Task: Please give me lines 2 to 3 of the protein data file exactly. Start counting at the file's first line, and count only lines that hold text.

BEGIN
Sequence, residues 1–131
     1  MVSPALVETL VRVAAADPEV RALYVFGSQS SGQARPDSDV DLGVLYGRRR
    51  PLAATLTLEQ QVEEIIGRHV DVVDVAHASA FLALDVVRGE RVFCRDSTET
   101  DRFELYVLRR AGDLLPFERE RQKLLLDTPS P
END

     1  MVSPALVETL VRVAAADPEV RALYVFGSQS SGQARPDSDV DLGVLYGRRR
    51  PLAATLTLEQ QVEEIIGRHV DVVDVAHASA FLALDVVRGE RVFCRDSTET